With shares of General Electric Company (NYSE:GE) trading at around $23.29, is GE an OUTPERFORM, WAIT AND SEE or STAY AWAY? Let’s analyze the stock with the relevant sections of our CHEAT SHEET investing framework:
C = Catalyst for the Stock’s Movement
For all those GE shorts out there, it’s time to give up. While the economy’s recovery is blown out of proportion, GE’s recovery is 100 percent real. Perhaps not many shorts are reading this considering the short percentage is now down to just 0.70 percent. GE has been making all the right moves since the financial crisis of 2008/2009. There is still a lot of work to do, but GE is setting itself up in many different industries, and its financial footing has improved substantially. Therefore, if the economy were to falter once again, the blow wouldn’t be nearly as hard as last time. GE is involved in aviation, oil & gas, healthcare, 3-D printing, and much more. It’s also a company that wants to change the world through advanced manufacturing. Not many people have an interest in watching GE commercials on YouTube, but if you happen to take a look, you will see comments from engineering students stating that working at GE would be their dream job. That alone should tell you something about the brand. After all, there aren’t many companies that have a goal of getting a jet engine to talk to you in real time.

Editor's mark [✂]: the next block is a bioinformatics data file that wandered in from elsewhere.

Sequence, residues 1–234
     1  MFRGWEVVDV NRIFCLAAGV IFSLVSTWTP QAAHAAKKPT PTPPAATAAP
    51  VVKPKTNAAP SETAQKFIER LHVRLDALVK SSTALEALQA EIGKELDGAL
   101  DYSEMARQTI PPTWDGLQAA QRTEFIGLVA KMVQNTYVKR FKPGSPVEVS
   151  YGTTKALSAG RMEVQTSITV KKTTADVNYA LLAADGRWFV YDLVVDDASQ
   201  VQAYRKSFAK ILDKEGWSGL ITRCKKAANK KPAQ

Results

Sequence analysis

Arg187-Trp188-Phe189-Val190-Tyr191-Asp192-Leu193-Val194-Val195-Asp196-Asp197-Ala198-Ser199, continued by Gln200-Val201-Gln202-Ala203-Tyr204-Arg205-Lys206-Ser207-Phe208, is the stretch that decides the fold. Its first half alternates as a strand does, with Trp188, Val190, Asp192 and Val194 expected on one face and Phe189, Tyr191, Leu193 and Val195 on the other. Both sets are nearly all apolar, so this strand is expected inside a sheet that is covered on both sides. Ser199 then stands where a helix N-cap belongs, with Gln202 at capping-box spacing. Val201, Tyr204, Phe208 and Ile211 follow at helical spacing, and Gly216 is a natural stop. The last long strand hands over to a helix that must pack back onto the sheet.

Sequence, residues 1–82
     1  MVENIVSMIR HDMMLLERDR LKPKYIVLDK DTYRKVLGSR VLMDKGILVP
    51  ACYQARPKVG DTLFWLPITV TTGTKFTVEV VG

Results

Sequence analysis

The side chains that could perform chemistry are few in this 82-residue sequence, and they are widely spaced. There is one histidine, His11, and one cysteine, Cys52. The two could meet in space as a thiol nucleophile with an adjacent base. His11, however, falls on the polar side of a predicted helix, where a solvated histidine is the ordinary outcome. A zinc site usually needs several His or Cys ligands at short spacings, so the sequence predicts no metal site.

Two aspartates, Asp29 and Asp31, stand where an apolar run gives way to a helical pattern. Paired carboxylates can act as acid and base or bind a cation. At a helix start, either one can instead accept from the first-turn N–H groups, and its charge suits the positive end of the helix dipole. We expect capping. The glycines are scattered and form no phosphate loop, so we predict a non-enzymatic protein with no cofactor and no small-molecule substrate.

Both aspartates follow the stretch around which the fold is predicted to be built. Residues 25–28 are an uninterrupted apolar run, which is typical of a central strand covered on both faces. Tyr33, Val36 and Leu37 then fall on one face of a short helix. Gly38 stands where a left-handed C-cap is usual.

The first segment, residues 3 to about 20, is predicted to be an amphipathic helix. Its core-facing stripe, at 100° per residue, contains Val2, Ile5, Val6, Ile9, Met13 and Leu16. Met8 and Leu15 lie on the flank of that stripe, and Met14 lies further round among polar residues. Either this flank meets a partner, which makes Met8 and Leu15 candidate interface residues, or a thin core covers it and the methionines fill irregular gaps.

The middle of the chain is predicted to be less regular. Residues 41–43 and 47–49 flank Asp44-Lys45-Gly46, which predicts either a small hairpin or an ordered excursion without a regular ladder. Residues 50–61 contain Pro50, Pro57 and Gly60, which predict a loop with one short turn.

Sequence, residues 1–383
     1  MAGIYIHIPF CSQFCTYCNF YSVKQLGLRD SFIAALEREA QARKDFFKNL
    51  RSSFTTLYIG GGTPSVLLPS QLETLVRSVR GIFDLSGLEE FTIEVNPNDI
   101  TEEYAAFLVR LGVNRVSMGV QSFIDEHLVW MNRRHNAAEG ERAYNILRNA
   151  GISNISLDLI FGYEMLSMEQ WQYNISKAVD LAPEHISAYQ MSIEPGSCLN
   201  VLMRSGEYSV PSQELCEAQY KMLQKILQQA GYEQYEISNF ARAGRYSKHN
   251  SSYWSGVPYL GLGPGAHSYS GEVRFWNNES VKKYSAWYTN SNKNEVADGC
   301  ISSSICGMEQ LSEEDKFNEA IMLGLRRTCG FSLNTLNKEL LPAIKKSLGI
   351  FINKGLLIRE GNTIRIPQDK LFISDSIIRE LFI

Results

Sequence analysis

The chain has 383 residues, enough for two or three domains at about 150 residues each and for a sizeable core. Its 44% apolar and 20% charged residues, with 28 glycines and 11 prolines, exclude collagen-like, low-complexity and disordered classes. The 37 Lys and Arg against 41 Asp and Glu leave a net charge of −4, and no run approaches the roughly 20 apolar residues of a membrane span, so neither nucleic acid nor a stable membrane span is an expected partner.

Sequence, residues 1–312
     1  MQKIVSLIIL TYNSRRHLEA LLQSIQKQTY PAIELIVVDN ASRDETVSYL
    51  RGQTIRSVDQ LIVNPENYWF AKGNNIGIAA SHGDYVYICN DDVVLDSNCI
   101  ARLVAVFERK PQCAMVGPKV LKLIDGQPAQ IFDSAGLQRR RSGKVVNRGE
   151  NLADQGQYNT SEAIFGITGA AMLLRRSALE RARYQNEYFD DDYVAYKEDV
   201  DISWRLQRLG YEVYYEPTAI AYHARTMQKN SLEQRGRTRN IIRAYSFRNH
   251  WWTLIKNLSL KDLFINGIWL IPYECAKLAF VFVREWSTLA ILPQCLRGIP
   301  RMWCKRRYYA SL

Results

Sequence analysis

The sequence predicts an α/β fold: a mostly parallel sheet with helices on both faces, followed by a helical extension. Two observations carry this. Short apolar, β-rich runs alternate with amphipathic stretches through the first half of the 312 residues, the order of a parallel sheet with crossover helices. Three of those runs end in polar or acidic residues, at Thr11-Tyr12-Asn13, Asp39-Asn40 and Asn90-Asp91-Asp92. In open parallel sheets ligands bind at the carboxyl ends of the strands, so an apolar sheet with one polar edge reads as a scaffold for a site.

GE made many successful bets coming out of the financial crisis, especially with energy. GE knew that the only way these would be bad bets was if the world came to an end, or at least if the financial world came to an end. And if that were the case, then the bad bets wouldn’t matter anyway. A conversation with bad bets at that time could go in a whole different direction, but that’s not the focus here.
GE is selling its remaining its 49 percent stake in NBCUniversal. It appears as though GE doesn’t just know when to make good bets, but when to cut ties as well. The net of this sale will be $18.1 billion, of which $13.4 billion will be in cash. This is good news for investors. Instead of the originally anticipated $12 billion being returned to shareholders in 2013, that number will now be upped to $18 billion. This will be in the form of stock repurchases. Some investors would prefer to see increased dividends, but GE is already the industry leader in that area.
One of the few negatives for GE is that there has been a reduced revenue outlook due to a potential slowdown in the United States. But is this likely to make a significant impact in the stock price?
Let’s take a look at some important numbers prior to forming an opinion on the stock.